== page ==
Leonor Pedroso’s sewing machine has dressed children in the Cuban town of Florida for 30 years. But it was only a few months ago that the seamstress was able to become formally self-employed.
The last time there was mud on his village roads was about a year ago, says Murugesu Mohanabavan, a farmer from the village of Karachchi, situated about 300 km north of Sri Lanka’s capital, Colombo.
Six months into West Africa’s Ebola crisis, the international community is finally heeding calls for substantial intervention in the region.
Despite mounting pledges of assistance, the continuing spread of the deadly Ebola virus in West Africa is outpacing regional and international efforts to stop it, according to world leaders and global health experts.
Twenty-five-year-old Khemwanti Pradhan is a ‘Mitanin’ – a trained and accredited community health worker – based in the Nagarbeda village of the Bastar region in the central Indian state of Chhattisgarh.
In most Latin American countries schools now provide sex education, but with a focus that is generally restricted to the prevention of sexually transmitted diseases – an approach that has not brought about significant modifications in the behaviour of adolescents, especially among the poor.
Persistent gaps between the promises made, and actually delivered, by developed countries to developing countries, hold back efforts to improve people’s lives and end poverty.
Ruth Osman is attractive and well-groomed in tailored slacks and a patterned blouse, topped by a soft jacket worn open. Her demeanour and polished accent belie the stereotypical view that most Caribbean nationals have of Guyanese migrants.
Chile, one of the most conservative countries in Latin America, is getting ready for an unprecedented debate on the legalisation of therapeutic abortion, which is expected to be approved this year.
"It is time for a new agricultural model that ensures that enough quality food is produced where it is most needed, that preserves nature and that delivers ecosystem services of local and global relevance" – in a word, it is time for agroecology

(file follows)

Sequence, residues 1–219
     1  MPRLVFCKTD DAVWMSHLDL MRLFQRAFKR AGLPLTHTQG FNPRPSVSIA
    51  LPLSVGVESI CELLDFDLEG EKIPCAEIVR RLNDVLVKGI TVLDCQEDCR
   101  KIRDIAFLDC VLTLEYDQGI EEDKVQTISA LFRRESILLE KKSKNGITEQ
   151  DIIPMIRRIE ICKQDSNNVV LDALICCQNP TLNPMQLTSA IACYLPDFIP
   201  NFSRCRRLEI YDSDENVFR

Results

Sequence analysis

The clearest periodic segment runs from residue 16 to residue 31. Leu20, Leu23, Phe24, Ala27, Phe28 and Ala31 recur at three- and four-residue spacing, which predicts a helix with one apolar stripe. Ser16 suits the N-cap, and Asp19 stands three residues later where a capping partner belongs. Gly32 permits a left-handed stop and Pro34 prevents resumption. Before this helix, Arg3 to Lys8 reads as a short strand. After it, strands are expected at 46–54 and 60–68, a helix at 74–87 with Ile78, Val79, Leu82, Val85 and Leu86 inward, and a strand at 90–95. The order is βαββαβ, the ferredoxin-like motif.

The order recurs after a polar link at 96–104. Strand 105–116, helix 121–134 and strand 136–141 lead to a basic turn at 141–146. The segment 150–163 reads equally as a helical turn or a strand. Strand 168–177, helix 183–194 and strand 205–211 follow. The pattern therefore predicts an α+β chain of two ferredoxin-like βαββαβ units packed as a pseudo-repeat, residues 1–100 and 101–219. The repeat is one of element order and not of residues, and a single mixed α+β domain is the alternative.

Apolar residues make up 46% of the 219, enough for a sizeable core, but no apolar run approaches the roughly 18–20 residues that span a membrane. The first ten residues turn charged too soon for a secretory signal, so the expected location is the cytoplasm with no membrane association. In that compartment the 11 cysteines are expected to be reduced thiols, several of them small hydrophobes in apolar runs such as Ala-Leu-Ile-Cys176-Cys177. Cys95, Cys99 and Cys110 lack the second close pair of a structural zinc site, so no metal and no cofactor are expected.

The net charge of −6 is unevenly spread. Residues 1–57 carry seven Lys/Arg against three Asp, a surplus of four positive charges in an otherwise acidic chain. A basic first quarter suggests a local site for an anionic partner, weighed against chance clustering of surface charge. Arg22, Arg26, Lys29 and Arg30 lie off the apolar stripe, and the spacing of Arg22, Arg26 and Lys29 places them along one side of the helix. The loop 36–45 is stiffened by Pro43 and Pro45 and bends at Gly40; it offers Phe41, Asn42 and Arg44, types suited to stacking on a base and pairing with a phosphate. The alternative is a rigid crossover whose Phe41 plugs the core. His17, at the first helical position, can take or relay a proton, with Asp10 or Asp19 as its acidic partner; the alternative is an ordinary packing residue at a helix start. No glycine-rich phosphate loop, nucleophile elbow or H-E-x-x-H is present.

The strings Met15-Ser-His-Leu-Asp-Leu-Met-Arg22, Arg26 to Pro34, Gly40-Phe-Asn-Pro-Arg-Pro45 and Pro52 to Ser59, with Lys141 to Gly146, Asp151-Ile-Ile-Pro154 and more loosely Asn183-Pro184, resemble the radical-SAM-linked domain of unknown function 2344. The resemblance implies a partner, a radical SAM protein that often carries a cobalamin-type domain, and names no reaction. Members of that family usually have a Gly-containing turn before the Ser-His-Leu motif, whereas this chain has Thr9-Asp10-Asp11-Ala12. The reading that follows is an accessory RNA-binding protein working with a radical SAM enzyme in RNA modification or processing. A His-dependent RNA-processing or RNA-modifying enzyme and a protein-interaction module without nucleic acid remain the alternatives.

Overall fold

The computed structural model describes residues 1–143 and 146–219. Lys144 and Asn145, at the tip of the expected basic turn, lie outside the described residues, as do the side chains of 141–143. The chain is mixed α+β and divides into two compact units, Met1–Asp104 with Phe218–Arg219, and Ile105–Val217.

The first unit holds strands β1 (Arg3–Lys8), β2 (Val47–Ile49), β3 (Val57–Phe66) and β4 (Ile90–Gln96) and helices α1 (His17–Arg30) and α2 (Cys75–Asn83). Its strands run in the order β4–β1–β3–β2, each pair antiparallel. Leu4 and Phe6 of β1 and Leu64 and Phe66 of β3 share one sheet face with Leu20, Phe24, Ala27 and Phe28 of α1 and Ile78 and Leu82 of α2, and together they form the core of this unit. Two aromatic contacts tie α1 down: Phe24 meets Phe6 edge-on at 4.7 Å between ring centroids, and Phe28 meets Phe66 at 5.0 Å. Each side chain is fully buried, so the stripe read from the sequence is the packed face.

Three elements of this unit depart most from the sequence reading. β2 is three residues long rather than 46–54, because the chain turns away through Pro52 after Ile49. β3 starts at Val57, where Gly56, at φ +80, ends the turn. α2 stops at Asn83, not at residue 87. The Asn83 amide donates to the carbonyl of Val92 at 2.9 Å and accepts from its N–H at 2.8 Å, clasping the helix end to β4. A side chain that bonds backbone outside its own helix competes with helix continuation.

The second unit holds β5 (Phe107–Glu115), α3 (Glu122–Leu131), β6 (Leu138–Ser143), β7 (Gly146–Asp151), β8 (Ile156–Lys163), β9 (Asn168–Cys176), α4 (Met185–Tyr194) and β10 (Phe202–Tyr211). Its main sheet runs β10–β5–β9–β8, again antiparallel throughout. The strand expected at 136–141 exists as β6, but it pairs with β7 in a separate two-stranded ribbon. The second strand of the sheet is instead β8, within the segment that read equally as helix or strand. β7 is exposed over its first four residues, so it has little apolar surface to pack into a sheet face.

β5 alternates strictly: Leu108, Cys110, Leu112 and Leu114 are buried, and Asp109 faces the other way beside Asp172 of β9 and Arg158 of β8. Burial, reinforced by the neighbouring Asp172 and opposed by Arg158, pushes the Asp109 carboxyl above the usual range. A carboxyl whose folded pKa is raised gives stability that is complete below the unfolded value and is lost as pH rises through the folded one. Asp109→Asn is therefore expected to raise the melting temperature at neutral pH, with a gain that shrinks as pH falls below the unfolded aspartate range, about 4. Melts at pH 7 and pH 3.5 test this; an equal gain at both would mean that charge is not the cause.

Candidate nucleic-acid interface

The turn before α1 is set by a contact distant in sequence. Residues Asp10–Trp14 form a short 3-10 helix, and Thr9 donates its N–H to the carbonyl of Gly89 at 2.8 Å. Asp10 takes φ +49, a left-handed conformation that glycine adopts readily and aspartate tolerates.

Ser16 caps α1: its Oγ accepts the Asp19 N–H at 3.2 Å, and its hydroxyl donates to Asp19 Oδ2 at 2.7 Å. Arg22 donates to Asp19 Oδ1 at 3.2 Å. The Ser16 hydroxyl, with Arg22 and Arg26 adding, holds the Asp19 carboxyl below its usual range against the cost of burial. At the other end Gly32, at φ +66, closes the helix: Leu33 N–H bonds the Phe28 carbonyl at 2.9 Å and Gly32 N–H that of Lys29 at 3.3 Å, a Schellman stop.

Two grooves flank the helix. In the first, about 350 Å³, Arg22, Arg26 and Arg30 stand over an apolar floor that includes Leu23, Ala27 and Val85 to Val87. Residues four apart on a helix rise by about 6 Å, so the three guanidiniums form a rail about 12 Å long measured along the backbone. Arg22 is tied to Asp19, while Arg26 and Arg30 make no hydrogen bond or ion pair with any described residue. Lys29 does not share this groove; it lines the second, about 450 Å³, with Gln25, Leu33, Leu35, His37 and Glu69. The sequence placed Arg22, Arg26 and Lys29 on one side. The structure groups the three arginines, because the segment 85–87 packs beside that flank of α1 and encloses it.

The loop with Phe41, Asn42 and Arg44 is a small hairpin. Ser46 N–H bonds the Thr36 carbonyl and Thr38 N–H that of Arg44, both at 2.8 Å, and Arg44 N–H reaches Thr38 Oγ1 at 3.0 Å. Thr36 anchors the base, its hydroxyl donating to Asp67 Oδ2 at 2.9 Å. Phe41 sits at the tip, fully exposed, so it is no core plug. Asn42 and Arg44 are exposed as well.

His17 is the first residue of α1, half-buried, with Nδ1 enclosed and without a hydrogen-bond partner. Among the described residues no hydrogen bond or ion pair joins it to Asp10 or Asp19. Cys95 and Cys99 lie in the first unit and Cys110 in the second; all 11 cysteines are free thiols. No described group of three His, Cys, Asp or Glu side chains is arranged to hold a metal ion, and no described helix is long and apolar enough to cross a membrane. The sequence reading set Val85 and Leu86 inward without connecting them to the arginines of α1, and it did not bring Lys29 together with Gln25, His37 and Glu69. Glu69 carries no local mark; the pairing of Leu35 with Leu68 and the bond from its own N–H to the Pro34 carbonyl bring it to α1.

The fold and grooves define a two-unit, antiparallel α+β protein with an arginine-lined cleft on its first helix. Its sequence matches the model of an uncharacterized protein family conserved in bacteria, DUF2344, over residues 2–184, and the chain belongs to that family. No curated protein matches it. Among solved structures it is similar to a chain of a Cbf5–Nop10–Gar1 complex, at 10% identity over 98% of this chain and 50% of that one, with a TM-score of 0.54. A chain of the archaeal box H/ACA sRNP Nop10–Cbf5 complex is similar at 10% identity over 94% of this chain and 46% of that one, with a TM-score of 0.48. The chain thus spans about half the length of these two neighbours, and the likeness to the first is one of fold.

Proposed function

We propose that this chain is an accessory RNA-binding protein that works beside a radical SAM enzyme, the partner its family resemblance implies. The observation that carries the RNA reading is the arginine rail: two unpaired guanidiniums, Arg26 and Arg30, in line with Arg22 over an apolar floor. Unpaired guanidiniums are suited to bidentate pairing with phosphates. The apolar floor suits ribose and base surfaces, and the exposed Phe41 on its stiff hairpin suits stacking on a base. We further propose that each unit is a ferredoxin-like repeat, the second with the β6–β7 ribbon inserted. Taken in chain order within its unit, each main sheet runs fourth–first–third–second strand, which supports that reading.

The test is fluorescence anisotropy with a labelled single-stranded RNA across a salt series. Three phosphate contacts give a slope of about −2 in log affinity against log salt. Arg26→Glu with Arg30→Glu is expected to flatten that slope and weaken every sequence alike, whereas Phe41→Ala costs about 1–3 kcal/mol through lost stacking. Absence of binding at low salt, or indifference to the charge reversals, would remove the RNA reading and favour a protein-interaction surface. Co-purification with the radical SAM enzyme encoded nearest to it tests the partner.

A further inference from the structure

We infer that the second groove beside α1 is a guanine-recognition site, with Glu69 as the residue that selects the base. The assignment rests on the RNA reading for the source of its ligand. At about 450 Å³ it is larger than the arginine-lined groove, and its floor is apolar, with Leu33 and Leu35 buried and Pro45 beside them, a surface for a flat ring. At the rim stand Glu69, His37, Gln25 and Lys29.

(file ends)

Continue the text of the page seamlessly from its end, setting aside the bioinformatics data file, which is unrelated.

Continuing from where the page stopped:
chases after a ball made from plastic bags outside his mud-brick home in the mountains of southern Uganda.Yelling in his tribal tongue, Nkore, “Arsenal with the ball! Arsenal with the ball!” he jostles with his younger brothers for possession.
Diouma Tine is a 50-year-old vegetable seller and a mother of six boys. In her native Senegal, she tells IPS, motherhood isn’t a choice. “If you’re married, then you must have children. If you don’t, then you don’t get to stay in your husband’s house, and no one will respect you.”
A gift of nature, or a valuable commodity? A human right, or a luxury for the privileged few? Will the agricultural sector or industrial sector be the main consumer of this precious resource? Whatever the answers to these and many more questions, one thing is clear: that water will be one of the defining issues of the coming decade.
People living in cities already outnumber those in rural areas and the trend does not appear to be reversing, according to UN-Habitat, the Nairobi-based agency for human settlements, which has warned that planning is crucial to achieve sustainable urban growth.
A mud path winds its up way uphill, offering views on either side of row after row of dense bushes and eventually giving way to a cluster of humble homes, surrounded by ragged, playful children.